At the Standing Rock Reservation between North and South Dakota, a community of Indigenous activists is working to protect water and water systems across the U.S.
They are known as Water Protectors: a group of cultural organizers who believe in the sacred nature of water and land.
The launch of the Dakota Access Pipeline was what first brought significant public attention to these Indigenous activists.
The pipeline called for a system that would “connect the North Dakota shale oil fields with the eastern pipeline networks in Illinois,” which would subsequently lead to unclean drinking water and damaged farmland.
After hearing about the news of the DAPL, a tribe of Water Protectors joined with thousands of other Indigenous nations to speak out against it.
According to National Geographic, in the summer of 2017, tribe members would come to camps around Cannon Ball, North Dakota in traditional Indigenous clothing.
They actively spoke against the implementation of the DAPL and more about their movement to protect the sacredness of water and land.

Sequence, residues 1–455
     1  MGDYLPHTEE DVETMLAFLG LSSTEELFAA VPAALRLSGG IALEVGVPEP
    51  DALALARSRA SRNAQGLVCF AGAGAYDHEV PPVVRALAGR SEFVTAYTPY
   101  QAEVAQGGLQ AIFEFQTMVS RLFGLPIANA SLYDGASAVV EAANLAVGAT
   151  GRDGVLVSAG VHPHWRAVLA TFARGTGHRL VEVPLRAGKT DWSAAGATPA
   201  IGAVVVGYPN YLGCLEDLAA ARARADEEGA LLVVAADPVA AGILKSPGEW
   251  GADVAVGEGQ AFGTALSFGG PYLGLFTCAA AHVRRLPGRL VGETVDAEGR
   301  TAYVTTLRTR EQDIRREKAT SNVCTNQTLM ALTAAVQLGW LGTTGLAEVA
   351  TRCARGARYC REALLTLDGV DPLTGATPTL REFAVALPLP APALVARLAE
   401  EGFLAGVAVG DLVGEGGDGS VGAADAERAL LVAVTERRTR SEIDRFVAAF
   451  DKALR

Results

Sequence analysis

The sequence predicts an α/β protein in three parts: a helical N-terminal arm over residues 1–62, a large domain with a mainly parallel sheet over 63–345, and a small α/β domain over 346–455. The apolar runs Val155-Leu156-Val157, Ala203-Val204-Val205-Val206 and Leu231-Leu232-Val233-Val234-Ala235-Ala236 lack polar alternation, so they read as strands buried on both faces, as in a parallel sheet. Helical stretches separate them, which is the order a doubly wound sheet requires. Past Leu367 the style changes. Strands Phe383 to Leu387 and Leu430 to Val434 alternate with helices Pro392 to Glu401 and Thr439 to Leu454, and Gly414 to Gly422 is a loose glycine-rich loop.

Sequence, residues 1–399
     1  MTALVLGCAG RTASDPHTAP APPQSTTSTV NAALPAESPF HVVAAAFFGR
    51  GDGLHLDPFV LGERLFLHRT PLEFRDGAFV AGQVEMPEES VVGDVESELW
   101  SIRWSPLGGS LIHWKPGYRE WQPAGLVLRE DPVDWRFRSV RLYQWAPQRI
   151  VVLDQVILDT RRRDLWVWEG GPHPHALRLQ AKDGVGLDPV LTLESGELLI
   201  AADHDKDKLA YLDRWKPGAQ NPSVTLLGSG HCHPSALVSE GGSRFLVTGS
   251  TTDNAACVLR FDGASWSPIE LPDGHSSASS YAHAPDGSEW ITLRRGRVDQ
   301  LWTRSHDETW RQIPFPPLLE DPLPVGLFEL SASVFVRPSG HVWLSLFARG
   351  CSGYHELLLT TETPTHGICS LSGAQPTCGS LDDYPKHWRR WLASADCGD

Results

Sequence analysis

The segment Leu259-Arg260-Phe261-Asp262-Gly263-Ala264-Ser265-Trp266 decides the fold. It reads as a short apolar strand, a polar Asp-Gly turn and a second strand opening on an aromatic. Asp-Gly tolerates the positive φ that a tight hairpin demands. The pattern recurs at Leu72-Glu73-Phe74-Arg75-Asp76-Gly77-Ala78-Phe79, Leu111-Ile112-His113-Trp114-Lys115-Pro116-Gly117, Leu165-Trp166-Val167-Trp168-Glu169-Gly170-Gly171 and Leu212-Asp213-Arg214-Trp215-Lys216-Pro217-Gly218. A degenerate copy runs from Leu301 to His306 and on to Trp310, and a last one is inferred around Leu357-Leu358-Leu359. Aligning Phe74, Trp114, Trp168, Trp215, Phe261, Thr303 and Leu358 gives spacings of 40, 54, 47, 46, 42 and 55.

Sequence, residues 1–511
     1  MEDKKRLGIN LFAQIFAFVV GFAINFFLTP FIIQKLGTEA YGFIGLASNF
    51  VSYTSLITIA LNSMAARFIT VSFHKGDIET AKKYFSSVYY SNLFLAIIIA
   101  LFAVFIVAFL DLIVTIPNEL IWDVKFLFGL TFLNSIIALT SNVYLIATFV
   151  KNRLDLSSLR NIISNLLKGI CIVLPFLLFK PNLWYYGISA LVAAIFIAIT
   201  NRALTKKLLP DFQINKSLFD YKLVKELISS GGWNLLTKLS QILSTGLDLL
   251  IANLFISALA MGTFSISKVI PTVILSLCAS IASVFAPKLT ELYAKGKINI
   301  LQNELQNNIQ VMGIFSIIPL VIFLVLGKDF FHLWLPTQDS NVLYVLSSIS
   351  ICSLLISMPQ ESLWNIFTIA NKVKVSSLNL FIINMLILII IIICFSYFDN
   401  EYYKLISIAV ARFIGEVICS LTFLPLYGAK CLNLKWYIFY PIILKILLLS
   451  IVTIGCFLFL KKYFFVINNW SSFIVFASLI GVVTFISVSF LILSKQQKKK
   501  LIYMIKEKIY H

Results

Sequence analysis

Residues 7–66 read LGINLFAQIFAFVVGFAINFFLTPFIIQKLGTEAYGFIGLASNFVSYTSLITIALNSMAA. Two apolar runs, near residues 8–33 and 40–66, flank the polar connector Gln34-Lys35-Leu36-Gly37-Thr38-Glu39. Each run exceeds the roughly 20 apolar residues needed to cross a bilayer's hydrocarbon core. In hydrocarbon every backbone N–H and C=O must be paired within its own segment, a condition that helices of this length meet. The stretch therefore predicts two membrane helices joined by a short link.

National Geographic explains that “it had become an international call to protect Indigenous people’s rights, and their land.”
The group of activists and cultural leaders continue to fight for the protection of water and lands and its inherent sacredness.
While the Dakota Access Pipeline was built after the inauguration of former President Donald Trump, these Water Protectors in North America remain a force for good.
They were recently victorious in speaking out against The Keystone XL Pipeline, another crude oil infrastructure that was canceled on June 9, 2021.
The Water Protectors of Standing Rock remain hopeful that the power of community and cultural activism can make way for safe and efficient infrastructure, and in the process, remind us that water and land are ours to take care of.